TV/Movies - I use an EyeTV Hybrid as my digital VCR and have it export its recordings to iTunes in iPhone format and have setup iTunes to sync unwatched episodes of my (and my daughter's..) favorite shows automatically. There's no maintenance/work and its all automatic. For Movies, I use a low cost NetFlix subscription and then rip movies using Handbrake into iPhone format. I watch the movies once and then delete them. In theory this isn't fully by the license terms but I feel this is within the intent of the law. I don't really watch any TV or movies at home (yes, I spend my free time doing crazy things like this post) so only when I travel do I get to do that sort of thing and then my all-in-one iPhone device keeps me well entertained (I do wish they had more than 8GB on it).

Filing System - I looked at personal databases, including Bento and couldn't find a good reason to use something other than the normal file system with good folder/file names etc. I did get the idea from some products that instead of printing receipts from online transactions, to save them as PDF to my file system. On the more physical side I try to keep as little paper as possible and shred everything. I'm currently searching for a cost-effective scanner for important docs I want to keep but not physically. So far for the Mac, decent ones are $500...

Password management - With the number of sites at work and home and the need for good security (different, complex passwords at the various places) I opted for a password manager. I never liked the ones I ran into on the PC like Roboform which seemed to install all sorts of extra stuff but i've been very happy with 1Password on the Mac and the developer is very responsive. It syncs bidrectionally to both macs via iSync (this works well) and does a secure HTML page on the iPhone (I havent used this since i'm still nervous about its security) and provides access (for a fee) to your passwords online (which I wont use since I dont want my passwords on a web site owned by anybody). Having access at both my main Macs is sufficient.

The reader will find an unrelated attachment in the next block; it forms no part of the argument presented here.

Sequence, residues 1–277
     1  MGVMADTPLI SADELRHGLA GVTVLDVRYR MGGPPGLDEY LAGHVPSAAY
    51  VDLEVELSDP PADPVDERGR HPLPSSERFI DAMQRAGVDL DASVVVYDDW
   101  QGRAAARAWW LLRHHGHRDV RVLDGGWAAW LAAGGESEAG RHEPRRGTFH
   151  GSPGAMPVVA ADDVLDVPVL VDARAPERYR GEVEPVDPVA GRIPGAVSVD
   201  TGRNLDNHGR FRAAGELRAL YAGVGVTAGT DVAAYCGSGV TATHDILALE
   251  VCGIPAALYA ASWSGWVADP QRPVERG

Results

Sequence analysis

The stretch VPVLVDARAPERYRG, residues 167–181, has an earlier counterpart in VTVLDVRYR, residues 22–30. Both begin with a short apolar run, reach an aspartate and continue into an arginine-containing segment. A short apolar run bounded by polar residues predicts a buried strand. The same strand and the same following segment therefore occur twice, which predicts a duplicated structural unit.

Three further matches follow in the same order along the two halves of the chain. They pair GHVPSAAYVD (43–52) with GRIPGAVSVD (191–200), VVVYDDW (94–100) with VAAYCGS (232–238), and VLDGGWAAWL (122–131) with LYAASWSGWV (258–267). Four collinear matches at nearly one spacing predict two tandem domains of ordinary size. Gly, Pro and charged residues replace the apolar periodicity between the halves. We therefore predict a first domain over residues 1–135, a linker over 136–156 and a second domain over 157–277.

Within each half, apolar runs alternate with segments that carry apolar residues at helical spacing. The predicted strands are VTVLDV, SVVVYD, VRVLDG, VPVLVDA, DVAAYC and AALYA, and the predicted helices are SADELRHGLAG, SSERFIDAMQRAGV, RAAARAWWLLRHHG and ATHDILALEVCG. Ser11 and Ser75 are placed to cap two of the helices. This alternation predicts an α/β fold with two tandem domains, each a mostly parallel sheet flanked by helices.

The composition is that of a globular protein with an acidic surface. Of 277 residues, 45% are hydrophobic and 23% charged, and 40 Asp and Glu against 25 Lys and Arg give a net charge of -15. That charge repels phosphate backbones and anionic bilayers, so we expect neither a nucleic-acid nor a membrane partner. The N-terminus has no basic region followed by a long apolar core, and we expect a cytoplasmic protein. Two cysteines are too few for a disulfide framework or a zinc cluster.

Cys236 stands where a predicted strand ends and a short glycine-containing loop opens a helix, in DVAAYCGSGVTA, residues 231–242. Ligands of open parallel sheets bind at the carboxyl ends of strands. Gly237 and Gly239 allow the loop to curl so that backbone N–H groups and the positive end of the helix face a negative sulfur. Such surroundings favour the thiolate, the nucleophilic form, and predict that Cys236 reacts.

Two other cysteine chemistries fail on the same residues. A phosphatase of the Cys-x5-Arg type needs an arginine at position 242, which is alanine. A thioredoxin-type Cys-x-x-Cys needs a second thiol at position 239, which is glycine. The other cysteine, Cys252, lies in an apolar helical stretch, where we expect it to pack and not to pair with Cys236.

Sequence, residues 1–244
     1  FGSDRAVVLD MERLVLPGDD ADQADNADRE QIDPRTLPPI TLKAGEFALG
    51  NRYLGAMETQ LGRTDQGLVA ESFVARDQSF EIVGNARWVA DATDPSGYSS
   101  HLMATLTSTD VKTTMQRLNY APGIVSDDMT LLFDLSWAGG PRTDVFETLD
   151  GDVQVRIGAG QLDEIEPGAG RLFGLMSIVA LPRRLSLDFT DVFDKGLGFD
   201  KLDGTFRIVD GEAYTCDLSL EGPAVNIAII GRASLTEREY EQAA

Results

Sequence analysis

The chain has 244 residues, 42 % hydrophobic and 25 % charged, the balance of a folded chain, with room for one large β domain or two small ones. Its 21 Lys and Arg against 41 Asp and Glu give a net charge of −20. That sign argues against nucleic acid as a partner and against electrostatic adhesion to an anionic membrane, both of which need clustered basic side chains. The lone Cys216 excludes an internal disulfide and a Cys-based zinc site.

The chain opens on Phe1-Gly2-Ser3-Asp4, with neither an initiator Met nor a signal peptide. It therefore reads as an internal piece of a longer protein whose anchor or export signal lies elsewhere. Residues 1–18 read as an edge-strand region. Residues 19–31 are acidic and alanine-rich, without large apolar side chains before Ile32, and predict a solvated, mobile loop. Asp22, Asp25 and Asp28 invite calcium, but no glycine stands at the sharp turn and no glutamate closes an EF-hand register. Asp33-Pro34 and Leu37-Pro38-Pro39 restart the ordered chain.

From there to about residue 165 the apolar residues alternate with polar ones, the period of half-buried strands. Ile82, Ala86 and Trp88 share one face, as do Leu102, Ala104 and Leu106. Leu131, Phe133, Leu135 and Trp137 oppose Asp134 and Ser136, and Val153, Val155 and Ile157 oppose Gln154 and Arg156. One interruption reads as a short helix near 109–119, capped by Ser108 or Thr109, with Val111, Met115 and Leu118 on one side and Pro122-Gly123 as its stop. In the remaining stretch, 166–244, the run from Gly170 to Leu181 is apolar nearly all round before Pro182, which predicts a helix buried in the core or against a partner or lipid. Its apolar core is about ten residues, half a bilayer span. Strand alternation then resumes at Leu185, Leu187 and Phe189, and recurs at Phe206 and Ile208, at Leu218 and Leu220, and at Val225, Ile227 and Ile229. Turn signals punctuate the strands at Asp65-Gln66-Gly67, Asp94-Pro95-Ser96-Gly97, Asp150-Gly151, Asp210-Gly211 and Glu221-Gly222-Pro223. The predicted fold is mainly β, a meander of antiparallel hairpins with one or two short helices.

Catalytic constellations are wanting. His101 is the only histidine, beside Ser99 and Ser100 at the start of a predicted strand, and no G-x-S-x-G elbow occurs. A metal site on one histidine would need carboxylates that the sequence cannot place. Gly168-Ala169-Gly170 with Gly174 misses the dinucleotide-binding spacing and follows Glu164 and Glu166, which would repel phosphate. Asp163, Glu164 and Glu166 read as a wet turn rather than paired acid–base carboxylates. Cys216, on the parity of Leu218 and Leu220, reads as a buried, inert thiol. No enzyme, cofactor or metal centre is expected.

And of course the Mac/iPhone only things like iPod/iTunes for Music and iPhoto for Pictures work wonderfully. And yes, i've paid for all the music in my iTunes library, same for my software. Thats a moral integrity challenge I put myself through years ago (with quite a bit of expense) that I think I passed (although the grading is a very grey area and a topic for another long post). Since Apple has a poor concept of centralized iTunes/iPhoto libraries within the home I use rsync over ssh to get copies of the music/pictures to my wife and kid's machines. 

Backups - With Leopard I use time machine on all computers. In addition I have off-site backup schemes around the same rsync/ssh stuff mentioned above. Of course its all no-login/password, SSL cert required, not a well known port etc.

Machine Security - As mentioned previously the Filevault stuff (especially with Spotlight and Time machine) is flawed so I use various encrypted disk images with some of the passwords saved in my login keychain and some in my head. This makes my data secure from theft (secure virtual memory is enabled) and it also makes my backups secure onsite or not. I have several images to keep them small so that the Time Machine incremental backups don't blow out my backup space quickly. And then the usuals (screen saver locks the machine, password required, no automatic logins) and not so usuals (all my machines are tethered to large pieces of furniture including my external backup drives, some of which are sequestered in odd places in my house and connected over a WPA network).